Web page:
DVA will review your eligibility for a psychiatric assistance dog based on the information provided by your mental health professional and the organisation who will potentially supply the dog.

What happens once I have been approved?

If approved by DVA, the assistance dog provider will also assess your suitability for:

  • a psychiatric assistance dog
  • participation in their program.

Consideration will be made about whether you would benefit from receiving a psychiatric assistance dog, and if you are capable of looking after a psychiatric assistance dog.

How long will it take to get a psychiatric assistance dog?

Training programs can take time (sometimes up to 12-18 months) before the psychiatric assistance dog will commence living with you.

A psychiatric assistance dog will be trained to meet your clinical needs, and you will be trained as a handler.

Due to the time required to breed and train a psychiatric assistance dog there may not be an appropriately matched dog immediately available. You might be placed on a waitlist, and dogs will be provided on a first-come-first-serve basis for an appropriately matched psychiatric assistance dog. You will be kept up-to-date regarding your progress on the waitlist by the dog provider.

Neither DVA nor the dog provider can facilitate requests for priority access to psychiatric assistance dogs.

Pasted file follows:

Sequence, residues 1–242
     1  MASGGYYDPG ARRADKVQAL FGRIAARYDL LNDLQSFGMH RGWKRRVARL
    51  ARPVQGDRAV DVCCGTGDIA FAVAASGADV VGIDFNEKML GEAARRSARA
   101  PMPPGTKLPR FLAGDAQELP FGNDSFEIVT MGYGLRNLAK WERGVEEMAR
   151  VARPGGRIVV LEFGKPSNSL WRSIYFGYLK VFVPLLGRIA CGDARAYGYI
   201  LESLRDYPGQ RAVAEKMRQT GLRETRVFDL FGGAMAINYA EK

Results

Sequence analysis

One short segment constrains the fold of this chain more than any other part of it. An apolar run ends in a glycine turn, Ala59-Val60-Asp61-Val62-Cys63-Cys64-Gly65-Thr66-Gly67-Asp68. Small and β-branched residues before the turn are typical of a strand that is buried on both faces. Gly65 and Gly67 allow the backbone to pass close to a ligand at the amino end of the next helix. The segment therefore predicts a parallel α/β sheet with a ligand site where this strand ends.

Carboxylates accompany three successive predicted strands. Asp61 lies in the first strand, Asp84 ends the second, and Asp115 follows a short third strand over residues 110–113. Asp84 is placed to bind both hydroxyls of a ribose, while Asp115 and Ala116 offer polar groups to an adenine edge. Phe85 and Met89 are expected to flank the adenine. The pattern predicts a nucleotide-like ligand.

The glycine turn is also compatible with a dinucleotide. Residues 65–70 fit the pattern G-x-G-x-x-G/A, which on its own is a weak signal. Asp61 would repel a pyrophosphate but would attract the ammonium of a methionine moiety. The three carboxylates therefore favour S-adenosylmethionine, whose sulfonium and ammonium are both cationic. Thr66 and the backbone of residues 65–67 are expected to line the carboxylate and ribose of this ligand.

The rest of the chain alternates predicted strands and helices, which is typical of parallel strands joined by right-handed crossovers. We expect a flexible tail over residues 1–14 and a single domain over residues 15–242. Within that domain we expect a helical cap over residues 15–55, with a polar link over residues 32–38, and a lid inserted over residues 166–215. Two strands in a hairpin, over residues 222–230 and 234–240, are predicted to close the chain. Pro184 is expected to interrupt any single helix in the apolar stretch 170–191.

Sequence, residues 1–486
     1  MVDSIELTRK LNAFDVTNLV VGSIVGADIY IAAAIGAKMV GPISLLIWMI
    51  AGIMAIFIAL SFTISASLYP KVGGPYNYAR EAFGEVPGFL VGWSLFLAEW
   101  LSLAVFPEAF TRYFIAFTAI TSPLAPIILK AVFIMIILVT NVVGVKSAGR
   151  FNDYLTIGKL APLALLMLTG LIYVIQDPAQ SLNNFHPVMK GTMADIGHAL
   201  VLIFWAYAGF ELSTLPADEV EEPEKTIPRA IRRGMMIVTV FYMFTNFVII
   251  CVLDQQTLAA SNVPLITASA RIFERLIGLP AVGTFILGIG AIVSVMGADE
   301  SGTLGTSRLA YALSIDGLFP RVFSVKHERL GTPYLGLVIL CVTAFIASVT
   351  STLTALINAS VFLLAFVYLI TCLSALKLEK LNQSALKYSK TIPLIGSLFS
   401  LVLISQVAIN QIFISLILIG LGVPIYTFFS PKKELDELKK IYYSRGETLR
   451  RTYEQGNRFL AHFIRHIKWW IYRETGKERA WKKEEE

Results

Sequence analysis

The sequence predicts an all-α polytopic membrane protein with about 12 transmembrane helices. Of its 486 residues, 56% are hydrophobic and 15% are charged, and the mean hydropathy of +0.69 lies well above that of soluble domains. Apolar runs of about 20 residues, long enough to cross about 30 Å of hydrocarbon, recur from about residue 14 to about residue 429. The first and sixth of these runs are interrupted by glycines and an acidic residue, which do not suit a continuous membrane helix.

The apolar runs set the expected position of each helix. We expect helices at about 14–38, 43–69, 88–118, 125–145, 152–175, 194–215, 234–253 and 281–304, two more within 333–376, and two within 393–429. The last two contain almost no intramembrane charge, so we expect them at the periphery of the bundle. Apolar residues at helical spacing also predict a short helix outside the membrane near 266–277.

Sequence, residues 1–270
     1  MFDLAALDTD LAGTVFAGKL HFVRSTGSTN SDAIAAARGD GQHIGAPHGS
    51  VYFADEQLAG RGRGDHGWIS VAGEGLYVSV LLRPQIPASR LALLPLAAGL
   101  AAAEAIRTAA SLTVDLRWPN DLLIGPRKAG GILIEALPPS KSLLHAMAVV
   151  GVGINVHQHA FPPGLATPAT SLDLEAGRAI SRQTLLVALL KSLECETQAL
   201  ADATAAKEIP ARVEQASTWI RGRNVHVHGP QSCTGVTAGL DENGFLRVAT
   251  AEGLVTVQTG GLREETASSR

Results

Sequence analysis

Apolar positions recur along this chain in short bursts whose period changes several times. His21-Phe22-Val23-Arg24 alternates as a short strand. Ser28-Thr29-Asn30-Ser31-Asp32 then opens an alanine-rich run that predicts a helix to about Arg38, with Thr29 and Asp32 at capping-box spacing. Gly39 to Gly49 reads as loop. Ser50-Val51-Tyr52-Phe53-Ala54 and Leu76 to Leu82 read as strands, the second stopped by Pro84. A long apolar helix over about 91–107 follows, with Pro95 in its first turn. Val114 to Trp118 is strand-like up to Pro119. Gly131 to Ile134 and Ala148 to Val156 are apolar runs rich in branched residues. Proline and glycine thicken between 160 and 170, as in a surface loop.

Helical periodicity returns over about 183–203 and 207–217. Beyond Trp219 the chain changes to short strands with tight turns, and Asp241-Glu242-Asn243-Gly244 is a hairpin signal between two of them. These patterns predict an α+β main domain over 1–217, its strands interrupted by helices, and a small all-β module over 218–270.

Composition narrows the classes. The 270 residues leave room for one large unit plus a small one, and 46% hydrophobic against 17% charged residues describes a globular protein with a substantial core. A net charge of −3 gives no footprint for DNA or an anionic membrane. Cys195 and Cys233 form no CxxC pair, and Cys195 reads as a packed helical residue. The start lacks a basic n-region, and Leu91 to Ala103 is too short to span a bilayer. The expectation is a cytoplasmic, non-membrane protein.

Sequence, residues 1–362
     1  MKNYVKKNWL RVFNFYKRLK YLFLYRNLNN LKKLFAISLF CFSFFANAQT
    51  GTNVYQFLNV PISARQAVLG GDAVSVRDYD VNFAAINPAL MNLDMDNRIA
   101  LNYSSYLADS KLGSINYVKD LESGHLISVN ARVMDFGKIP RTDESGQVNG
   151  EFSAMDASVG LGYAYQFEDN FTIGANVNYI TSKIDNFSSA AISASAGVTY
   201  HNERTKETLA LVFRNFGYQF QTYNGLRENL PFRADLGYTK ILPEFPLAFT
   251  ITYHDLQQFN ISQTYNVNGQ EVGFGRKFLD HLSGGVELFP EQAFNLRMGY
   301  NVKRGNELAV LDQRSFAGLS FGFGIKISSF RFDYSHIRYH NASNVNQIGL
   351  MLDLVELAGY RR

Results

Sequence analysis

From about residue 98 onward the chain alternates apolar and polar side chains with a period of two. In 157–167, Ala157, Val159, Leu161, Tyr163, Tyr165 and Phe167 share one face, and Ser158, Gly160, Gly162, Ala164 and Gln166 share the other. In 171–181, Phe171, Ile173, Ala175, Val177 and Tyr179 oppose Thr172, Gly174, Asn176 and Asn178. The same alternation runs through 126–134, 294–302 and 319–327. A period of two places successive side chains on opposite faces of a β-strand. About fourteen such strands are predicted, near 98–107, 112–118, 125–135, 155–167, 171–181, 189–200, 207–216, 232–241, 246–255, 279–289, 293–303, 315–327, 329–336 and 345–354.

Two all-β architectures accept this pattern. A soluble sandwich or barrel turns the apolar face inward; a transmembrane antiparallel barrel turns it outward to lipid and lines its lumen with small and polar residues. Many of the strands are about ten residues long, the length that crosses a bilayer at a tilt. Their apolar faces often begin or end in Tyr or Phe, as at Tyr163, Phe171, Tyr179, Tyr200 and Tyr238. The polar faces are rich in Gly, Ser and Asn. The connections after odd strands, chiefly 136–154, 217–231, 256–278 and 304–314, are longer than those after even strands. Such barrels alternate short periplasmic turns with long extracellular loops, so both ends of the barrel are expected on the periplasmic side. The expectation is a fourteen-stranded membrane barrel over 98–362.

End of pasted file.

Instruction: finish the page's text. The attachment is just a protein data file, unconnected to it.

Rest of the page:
What if I disagree with a decision?

If you disagree with DVA’s decision to deny you prior approval, you will need to speak to the referring mental health professional to understand the reason the request has been declined.

If your circumstances change, you may request your mental health professional submit a new prior approval request.

If the assistance dog provider assesses you as unsuitable for a psychiatric assistance dog, you will not be able to receive a psychiatric assistance dog through DVA unless your circumstances change.

What are my obligations?

It is important you understand the commitment involved in having a psychiatric assistance dog.

You are encouraged to speak to your mental health professional about any concerns you may have, and any potential stressors in your life now or anticipated within the next 12 months.

A face-to-face interview is required, and this may be conducted in your home.

Consideration may be given to your:

  • living circumstances
  • support team
  • ability to participate in the training program